Country focal points and delegates,
Dr. Kazutoshi Okuno, Director of Genebank, NIAS and Donor Representative
Distinguish guests and participants
Ladies and gentlemen
It is indeed my great pleasure to address this regional plant genetic resources in situ conservation workshop jointly organized by the FAO executed and Japan funded regional project “Implementation of the Global Plan of Action for the Conservation and Sustainable Utilization of Plant Genetic Resources for Food and Agriculture (GPA) in Asia and the Pacific Region”, GCP/RAS/186/JPN, and the National Institute of Agrobiological Sciences (NIAS). I am glad to see that many national project focal points, representatives and delegates from all the participating countries, other experts from the region, collaborators from CGIAR centres (particularly IPGRI and ICRISAT), and experts and representatives from the donor are here at this workshop. I would like to welcome all of you, on behalf of FAO and on my own behalf, to this workshop at the FAO Regional Office in Bangkok.
First of all, I should like to express my appreciation to the governments of the participating countries namely Bangladesh, India, Malaysia, Philippines, Sri Lanka, Thailand and Viet Nam for their collaboration with FAO in jointly undertaking this very important activity to promote the implementation of the GPA in general and its priority area on in situ conservation and development in particular. The participation and support from many individual researchers, national institutions and the CGIAR centers, particularly IPGRI and ICRISAT to this activity in this region are highly appreciated. The collaboration and technical support from the NIAS, Tsukuba and the generous funding support of the Government of Japan are greatly appreciated. Through Dr K. Okuno, Director of Genebank, NIAS, Tsukuba in Japan, I should like to convey FAO’s gratitude to the government of Japan for their financial support and to the management of NIAS for their collaboration.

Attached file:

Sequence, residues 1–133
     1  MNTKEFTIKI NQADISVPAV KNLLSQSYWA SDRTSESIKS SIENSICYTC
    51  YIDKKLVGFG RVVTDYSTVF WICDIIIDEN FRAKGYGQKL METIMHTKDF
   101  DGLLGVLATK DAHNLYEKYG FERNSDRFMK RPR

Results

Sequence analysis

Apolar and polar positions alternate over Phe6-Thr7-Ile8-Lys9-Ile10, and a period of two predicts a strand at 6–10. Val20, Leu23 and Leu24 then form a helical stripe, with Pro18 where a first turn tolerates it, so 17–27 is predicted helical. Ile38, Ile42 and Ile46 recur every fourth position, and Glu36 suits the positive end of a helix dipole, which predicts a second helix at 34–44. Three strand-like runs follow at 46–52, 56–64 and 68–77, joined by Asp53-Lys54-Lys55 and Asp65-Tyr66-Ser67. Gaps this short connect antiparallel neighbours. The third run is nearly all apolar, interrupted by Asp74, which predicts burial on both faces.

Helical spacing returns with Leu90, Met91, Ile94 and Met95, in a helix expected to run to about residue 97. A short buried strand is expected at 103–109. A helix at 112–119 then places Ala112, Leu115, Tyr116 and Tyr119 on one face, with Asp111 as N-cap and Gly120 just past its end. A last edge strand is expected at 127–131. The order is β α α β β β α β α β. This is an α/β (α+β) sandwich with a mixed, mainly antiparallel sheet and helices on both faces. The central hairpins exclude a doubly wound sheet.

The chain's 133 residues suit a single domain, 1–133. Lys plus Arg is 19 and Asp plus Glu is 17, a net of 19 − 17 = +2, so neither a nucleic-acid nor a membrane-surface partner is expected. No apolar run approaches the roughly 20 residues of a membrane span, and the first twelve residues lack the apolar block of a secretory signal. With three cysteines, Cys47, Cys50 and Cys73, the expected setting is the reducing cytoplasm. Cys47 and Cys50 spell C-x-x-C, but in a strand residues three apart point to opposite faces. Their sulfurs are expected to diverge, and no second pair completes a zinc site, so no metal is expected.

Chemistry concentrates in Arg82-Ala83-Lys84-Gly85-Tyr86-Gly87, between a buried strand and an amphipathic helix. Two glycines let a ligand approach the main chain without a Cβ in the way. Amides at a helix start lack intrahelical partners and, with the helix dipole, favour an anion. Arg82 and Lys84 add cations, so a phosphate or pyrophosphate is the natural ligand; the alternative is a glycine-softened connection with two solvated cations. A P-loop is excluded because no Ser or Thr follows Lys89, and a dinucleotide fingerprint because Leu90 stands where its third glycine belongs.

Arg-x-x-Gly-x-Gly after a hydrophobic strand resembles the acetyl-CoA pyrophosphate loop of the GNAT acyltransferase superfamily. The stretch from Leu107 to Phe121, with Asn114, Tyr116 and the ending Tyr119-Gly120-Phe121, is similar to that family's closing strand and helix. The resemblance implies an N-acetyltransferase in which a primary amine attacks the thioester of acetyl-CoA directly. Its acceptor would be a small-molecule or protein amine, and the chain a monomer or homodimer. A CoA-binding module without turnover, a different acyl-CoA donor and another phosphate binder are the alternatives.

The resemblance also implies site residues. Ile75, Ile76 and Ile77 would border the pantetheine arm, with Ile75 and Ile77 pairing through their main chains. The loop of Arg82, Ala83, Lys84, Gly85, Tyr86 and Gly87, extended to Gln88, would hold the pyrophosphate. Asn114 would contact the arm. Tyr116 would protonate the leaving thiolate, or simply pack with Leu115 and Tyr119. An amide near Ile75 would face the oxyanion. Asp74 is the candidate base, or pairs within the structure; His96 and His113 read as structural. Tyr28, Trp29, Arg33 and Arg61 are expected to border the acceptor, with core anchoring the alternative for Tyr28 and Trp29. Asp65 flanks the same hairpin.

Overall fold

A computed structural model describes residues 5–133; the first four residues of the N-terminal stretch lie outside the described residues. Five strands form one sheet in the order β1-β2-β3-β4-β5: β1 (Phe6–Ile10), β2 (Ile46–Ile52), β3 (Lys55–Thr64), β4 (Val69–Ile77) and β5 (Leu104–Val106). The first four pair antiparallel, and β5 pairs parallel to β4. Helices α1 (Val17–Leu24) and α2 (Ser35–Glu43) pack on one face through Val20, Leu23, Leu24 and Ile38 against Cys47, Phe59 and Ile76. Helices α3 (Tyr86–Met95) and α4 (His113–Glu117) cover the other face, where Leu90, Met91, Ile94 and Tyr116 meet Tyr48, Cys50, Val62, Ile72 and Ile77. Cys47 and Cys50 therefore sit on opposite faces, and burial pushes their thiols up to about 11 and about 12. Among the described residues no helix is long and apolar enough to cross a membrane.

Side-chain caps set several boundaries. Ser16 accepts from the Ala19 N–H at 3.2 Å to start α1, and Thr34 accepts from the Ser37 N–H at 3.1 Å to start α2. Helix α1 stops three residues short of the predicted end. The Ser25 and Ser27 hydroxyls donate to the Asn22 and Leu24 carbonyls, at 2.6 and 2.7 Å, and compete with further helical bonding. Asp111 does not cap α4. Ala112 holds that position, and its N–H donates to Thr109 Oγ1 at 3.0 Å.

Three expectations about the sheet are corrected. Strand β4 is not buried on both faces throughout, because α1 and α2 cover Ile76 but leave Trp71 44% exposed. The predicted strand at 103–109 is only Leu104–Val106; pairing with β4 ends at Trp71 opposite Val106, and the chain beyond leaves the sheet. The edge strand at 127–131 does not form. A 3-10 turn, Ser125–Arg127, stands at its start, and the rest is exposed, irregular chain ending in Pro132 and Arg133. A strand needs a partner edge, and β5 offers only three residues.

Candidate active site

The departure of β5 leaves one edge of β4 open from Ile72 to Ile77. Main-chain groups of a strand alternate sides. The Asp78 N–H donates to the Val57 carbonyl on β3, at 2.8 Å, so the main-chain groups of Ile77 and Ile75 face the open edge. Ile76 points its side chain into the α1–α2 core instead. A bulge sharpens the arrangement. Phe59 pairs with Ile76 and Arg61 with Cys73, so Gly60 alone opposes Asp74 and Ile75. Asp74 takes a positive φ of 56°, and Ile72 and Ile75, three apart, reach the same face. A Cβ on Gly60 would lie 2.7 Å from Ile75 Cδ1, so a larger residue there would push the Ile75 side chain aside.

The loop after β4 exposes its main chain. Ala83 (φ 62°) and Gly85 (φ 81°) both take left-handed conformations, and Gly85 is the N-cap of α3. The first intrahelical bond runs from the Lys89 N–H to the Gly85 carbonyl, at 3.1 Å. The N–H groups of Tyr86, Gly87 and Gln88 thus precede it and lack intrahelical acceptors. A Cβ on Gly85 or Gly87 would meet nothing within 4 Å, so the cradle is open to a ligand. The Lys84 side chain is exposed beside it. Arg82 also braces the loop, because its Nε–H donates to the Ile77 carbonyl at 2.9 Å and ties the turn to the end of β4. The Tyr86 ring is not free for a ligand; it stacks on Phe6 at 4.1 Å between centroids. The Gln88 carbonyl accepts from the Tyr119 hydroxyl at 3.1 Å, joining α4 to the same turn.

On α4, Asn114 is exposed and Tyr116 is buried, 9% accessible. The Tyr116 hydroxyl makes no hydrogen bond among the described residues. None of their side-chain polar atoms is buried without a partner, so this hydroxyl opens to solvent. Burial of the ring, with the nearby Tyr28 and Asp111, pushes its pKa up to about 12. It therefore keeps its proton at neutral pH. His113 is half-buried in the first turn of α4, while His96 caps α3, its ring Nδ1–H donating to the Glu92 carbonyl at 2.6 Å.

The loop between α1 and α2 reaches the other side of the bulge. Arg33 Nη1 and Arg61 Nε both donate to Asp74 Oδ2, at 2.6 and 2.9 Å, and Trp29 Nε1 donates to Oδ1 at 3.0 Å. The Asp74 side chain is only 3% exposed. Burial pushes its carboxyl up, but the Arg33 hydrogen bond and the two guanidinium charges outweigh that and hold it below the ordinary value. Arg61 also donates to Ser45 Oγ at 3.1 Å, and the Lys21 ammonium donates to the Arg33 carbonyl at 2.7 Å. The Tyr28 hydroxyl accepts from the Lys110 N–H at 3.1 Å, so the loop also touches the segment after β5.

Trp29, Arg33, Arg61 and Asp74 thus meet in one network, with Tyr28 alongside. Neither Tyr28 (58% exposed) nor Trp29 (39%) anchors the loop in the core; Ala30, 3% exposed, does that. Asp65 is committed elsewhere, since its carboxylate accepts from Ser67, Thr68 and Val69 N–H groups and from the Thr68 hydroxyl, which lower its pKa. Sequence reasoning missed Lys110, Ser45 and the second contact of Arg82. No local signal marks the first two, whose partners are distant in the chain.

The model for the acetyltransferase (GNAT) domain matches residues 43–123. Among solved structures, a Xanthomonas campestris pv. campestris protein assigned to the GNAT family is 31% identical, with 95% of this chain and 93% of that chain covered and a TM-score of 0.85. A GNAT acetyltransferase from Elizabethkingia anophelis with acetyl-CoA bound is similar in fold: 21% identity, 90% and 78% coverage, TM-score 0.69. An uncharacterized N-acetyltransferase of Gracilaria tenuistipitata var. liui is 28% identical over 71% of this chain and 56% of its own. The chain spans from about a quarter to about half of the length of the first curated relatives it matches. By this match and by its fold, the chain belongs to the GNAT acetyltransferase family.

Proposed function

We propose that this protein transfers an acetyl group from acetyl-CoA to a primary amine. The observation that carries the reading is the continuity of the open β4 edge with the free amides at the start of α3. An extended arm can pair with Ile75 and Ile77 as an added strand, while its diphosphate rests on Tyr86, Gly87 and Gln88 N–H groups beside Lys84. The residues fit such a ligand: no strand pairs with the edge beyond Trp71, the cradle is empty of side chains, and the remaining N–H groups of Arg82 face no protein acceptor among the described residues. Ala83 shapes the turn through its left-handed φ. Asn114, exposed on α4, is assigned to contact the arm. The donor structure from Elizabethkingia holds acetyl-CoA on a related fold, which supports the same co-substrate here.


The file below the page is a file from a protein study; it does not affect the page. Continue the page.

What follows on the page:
Ladies and Gentlemen,
Plant genetic resources are one of the most fundamental and essentials of agricultural biodiversity on earth. The GPA was developed through a highly participatory country-led process a decade ago. It was adopted by representatives of 150 countries during the Fourth International Technical Conference on Plant Genetic Resources in June 1996, through the adoption of the Leipzig Declaration, which commit countries to implement the Plan. The GPA recognizes the critical importance of plant genetic resources for ensuring food security and well being of human kind and provides an international framework for the conservation and sustainable utilization of plant genetic resources for food and agriculture. The GPA had been incorporated into the International Treaty on Plant Genetic Resources for Food and Agriculture (ITPGRFA) in 2004. The Plan is a key supporting component of the Treaty. The FAO Commission on Plant Genetic Resources for Food and Agriculture (PGRFA), which comprises 167 member countries, including all the participating countries of the GCP/RAS/186/JPN project, recognizes the importance of the implementation of the GPA and its monitoring on a continuous basis. FAO is committed to promote the implementation of the GPA and assist member countries where appropriate including the establishment of a national information sharing mechanism on the GPA for monitoring its implementation.
Ladies and gentlemen,